JGBs, already bolstered by BOJ, get extra kick from Fed
* Benchmark 10-year yield skids to 4-month low
* BOJ's JGB holdings top that of private banks combined: BOJ data
* Yield curve flattens; upcoming redemptions also support
TOKYO, Sept 19 (Reuters) - As the U.S. Federal Reserve's surprise decision to maintain its stimulus pushed Japanese government bond yields to multi-month lows, data on Thursday showed the Bank of Japan now holds more JGBs than all of the nation's private banks combined, thanks to its own quantitative easing.
With no end to the BOJ's massive bond-buying scheme in sight, and with the U.S. central bank leaving its stimulus spigot open for the time being, any investors who had hoped to buy JGBs on dips were disappointed.
"People had been expecting a bit of a jump in (JGB) yields in September, so that would have been the opportunity to buy bonds with an eye on the next fiscal half-term starting in October, but that didn't happen," said Maki Shimizu, senior JGB strategist at Citigroup in Tokyo.
Instead, the benchmark 10-year JGB yield fell 4 basis points to 0.665 percent, its lowest since May 10, while the 20-year JGB yield skidded 6 basis points to 1.590 percent, its lowest since June 3. These moves followed the Fed's unexpected decision to refrain from tapering its $85 billion per month in asset purchases.
"Monetary policy is the main driver for both U.S. and Japanese yields, especially when the U.S. bias is on the tightening side rather than easing," Shimizu said.
Data released by the BOJ on Thursday highlighted the scope of its easing scheme. The central bank's holdings of Japanese government bonds rose to a record 150 trillion yen ($1.53 trillion), exceeding the total amount of government debt held by private banks.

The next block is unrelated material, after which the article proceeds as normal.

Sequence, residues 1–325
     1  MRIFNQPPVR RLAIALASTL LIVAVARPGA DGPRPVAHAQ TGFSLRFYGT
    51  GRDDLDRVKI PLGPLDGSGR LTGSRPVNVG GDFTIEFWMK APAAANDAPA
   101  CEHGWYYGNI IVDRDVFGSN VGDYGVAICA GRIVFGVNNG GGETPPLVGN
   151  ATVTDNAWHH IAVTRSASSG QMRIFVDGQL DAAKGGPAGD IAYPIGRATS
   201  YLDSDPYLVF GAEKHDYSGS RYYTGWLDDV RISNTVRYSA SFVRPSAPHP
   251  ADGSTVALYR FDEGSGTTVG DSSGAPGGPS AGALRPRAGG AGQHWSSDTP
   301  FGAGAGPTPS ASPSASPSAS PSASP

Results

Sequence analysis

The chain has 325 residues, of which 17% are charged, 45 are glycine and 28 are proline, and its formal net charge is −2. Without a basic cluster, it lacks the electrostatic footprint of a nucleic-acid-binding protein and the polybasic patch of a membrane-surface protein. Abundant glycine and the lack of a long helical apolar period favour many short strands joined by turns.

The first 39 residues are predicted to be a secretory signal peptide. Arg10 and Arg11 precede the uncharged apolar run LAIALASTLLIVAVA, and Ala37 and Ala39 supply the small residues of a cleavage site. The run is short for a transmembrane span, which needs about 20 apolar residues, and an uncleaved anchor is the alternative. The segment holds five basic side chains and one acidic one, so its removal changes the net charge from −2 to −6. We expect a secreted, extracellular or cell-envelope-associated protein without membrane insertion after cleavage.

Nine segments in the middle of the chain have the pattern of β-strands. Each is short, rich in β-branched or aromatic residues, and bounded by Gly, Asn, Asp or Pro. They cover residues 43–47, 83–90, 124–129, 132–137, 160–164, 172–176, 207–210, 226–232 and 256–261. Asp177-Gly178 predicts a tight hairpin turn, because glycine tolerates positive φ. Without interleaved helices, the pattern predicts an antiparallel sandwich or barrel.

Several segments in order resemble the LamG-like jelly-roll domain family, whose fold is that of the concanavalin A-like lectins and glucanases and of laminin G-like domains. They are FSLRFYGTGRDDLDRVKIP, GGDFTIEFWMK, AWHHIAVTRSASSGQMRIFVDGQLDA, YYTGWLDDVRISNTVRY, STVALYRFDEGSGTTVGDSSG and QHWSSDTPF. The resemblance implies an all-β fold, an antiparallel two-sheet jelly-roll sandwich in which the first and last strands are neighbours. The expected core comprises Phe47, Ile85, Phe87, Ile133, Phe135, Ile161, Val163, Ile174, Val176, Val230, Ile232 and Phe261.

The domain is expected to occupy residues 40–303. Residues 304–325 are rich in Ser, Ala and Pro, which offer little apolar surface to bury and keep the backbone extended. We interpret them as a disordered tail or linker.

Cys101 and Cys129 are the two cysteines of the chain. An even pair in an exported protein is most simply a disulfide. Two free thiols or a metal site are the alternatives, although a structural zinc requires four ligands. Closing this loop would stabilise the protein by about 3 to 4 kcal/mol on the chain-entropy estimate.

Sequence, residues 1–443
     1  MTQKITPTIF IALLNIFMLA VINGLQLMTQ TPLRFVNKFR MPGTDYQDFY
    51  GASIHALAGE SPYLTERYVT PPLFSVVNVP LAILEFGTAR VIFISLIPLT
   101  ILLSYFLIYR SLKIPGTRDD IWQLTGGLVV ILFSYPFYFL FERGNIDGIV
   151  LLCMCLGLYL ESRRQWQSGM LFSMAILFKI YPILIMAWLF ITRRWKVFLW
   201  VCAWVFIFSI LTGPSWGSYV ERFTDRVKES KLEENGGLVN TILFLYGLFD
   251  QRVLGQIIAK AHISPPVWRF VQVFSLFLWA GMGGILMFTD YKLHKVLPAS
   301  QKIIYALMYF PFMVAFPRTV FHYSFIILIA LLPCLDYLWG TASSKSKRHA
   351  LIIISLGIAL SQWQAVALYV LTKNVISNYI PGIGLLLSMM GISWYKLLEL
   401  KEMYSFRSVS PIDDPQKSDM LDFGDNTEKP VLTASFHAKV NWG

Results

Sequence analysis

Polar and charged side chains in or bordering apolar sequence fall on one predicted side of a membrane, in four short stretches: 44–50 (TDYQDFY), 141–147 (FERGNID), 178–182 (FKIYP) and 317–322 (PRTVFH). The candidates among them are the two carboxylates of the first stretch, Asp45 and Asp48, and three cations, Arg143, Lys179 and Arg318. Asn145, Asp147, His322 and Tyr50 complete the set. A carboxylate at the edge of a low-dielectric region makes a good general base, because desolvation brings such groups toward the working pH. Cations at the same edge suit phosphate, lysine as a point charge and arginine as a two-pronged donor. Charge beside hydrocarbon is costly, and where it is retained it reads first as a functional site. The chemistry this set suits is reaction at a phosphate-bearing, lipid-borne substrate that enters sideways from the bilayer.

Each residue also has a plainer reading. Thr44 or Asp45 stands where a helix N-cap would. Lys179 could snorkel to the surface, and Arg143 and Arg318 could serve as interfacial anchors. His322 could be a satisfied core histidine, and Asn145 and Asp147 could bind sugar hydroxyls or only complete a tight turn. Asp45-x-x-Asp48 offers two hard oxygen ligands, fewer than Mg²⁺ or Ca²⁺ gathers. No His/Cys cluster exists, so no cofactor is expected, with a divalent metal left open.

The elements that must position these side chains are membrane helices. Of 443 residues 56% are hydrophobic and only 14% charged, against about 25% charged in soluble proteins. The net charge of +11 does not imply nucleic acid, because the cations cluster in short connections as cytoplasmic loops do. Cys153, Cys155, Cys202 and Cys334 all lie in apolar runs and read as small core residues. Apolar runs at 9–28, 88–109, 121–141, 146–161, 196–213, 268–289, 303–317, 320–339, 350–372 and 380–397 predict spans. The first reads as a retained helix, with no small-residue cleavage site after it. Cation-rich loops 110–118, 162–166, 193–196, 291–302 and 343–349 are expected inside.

The BOJ's JGB holdings soared 55.5 trillion yen, or 59 percent, over the past year, with much of the gain coming after the bank's April 4 pledge to double its long-term bond holdings in order to meet its inflation target of 2 percent in two years.
BOJ board member Takahide Kiuchi said on Thursday that the Fed's decision underscores the challenges in ending unconventional monetary policy.
"The BOJ has no choice but to continue purchasing JGBs. Banks are trying to reconstruct their JGB portfolios, but JGBs have gone up so much that they need to just chase the market," said Tadashi Matsukawa, head of Japan fixed income at PineBridge Investments.
"I think we will see more and more of the BOJ absorbing JGBs rather than banks buying JGBs," he added.
Upcoming redemptions also supported bonds, market participants said, with more than 13.5 trillion yen of JGBs set to mature on Friday and investors looking for places to put those funds.
The yield curve flattened, with the 10-year yield's spread to 5-year yields shrinking to 42.5 basis points from 50 basis points earlier this month. The 20-year yield spread to 5-year debt shrank to a three-month low of 1.350 points from 1.430 earlier in September.